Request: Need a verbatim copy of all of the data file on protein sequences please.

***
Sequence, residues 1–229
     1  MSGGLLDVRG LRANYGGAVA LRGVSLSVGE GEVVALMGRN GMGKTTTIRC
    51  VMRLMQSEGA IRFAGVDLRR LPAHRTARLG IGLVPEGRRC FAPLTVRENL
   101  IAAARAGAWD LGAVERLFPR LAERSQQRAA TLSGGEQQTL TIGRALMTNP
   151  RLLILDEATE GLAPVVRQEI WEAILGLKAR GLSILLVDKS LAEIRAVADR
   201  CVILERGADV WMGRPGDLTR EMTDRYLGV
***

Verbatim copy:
Sequence, residues 1–229
     1  MSGGLLDVRG LRANYGGAVA LRGVSLSVGE GEVVALMGRN GMGKTTTIRC
    51  VMRLMQSEGA IRFAGVDLRR LPAHRTARLG IGLVPEGRRC FAPLTVRENL
   101  IAAARAGAWD LGAVERLFPR LAERSQQRAA TLSGGEQQTL TIGRALMTNP
   151  RLLILDEATE GLAPVVRQEI WEAILGLKAR GLSILLVDKS LAEIRAVADR
   201  CVILERGADV WMGRPGDLTR EMTDRYLGV